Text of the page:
riding a shopping bike through countries bordering the arctic circle in midwinter is someway short of a cunning plan, moore having to contend with deep snow that threatened to subsume the small wheels on his mifa 900 along with the concomitant sub-zero temperatures. as if that were scarcely enough to make more than just a few of us have second thoughts, the relatively sparse population in such northern parts, meant substantial distances between each daily stopping point with little or nothing in between.
leaving the western safety of finland to pedal through the western reaches of russia "It would be two days before I encountered my first Russians, a couple in a spanking-new Range Rover. Their faces gave them away before their number plates: expressions of aghast disbelief [...] 'what the actual fuckski?'
there are many literary diversions from the task and humour at hand in order to recount moments from history relevant to the region through which moore was pedalling at the time. these are the educational factors of which i made previous mention; well researched, well related and, in my case at least, well learned. yet moore's narrative skills stretch as far as concealing this within his continually upbeat humour. several of the situations in which he finds himself must surely have been more troubling than his discourse would have us believe?
or perhaps not.
...Finland's strategic importance as a back-door land bridge from Europe to Russia made it a valued and much-swapped pawn in the Balic zone's imperial struggles. For the thick end of a millennium it was never more than an outpost of the Swedish, Danish or Russian Empires...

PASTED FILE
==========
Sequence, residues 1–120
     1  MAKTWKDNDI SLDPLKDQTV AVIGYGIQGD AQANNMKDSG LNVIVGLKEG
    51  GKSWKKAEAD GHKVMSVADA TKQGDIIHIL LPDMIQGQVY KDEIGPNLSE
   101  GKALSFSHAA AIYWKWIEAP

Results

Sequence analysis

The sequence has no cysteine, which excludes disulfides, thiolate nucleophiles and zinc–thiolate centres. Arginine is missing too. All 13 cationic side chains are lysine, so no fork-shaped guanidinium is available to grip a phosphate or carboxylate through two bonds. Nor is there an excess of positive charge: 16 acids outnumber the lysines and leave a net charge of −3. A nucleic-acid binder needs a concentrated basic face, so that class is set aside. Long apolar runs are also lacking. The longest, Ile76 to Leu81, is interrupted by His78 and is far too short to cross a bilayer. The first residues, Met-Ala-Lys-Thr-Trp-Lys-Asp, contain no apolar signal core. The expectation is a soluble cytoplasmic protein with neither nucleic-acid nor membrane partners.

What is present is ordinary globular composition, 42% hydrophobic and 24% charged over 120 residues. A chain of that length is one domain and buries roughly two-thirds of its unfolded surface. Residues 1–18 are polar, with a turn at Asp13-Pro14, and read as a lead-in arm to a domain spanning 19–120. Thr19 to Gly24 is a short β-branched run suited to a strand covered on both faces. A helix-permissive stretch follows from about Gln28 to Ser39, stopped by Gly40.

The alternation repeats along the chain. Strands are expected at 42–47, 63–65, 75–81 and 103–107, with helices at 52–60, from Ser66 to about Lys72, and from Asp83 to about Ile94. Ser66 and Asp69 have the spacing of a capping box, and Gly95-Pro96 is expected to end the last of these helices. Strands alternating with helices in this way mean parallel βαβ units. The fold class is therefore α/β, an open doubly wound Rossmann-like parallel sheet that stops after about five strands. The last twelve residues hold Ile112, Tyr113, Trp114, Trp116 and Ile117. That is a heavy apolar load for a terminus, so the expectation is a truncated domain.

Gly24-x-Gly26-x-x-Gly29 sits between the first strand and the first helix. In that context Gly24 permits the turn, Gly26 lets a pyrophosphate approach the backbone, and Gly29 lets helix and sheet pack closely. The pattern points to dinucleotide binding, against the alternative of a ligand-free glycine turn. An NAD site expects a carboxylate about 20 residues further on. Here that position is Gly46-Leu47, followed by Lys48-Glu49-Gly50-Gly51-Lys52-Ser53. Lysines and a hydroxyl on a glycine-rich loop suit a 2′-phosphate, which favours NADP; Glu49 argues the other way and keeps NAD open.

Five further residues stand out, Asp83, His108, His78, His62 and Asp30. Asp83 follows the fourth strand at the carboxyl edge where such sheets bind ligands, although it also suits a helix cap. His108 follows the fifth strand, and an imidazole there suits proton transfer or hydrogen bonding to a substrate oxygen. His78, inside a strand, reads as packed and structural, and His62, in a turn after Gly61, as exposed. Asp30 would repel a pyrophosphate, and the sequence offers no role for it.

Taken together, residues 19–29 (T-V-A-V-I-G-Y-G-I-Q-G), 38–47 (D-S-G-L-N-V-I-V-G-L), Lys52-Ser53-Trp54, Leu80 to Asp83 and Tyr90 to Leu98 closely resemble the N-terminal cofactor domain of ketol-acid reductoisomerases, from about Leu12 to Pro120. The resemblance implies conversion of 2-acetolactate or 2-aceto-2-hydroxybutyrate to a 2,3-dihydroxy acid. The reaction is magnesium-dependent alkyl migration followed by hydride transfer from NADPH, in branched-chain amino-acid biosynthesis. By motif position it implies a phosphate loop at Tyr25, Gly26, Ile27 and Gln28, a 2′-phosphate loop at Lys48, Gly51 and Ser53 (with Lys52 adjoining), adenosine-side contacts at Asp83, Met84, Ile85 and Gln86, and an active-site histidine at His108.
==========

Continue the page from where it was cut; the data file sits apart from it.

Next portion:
despite a substantial page count, 'the cyclist who went out in the cold' is compulsive reading, even if the reader is aware that not only was the ride successfully completed, but that nothing dangerously untoward punctuated one of the world's self-confessedly oddest bike rides. on entering the former east german republic, moore and his shopping bike were invited to visit the factory from which the bicycle originated, where the determined eccentricity of his velocipedinal undertaking was misunderstood by the factory's current owner who offered to replace a now flagging, though officially revitalised machine, with a brand, spanking new model. thankfully for the benefit of the reading public, tim moore maintained his stoic eccentricity in the face of gratuitous generosity.
on the back cover of my review copy, is a quote from an independent newspaper review of moore's previous escapades. "Bill Bryson on two wheels." it says.
i couldn't agree more.
"In twenty-five short years we've gone from an iron curtain to a blown-down garden fence."
thanks to the generosity of yellow jersey press, i have a copy of tim moore's the cyclist who went out in the cold to give away to the sender of the first correct answer to this question: through how many countries did tim moore ride his east german shopping bike? send your answers, with full postal address, to firstname.lastname@example.org. closing date is friday 14 october.
thursday 6 october 2016..........................................................................................................................................................................................................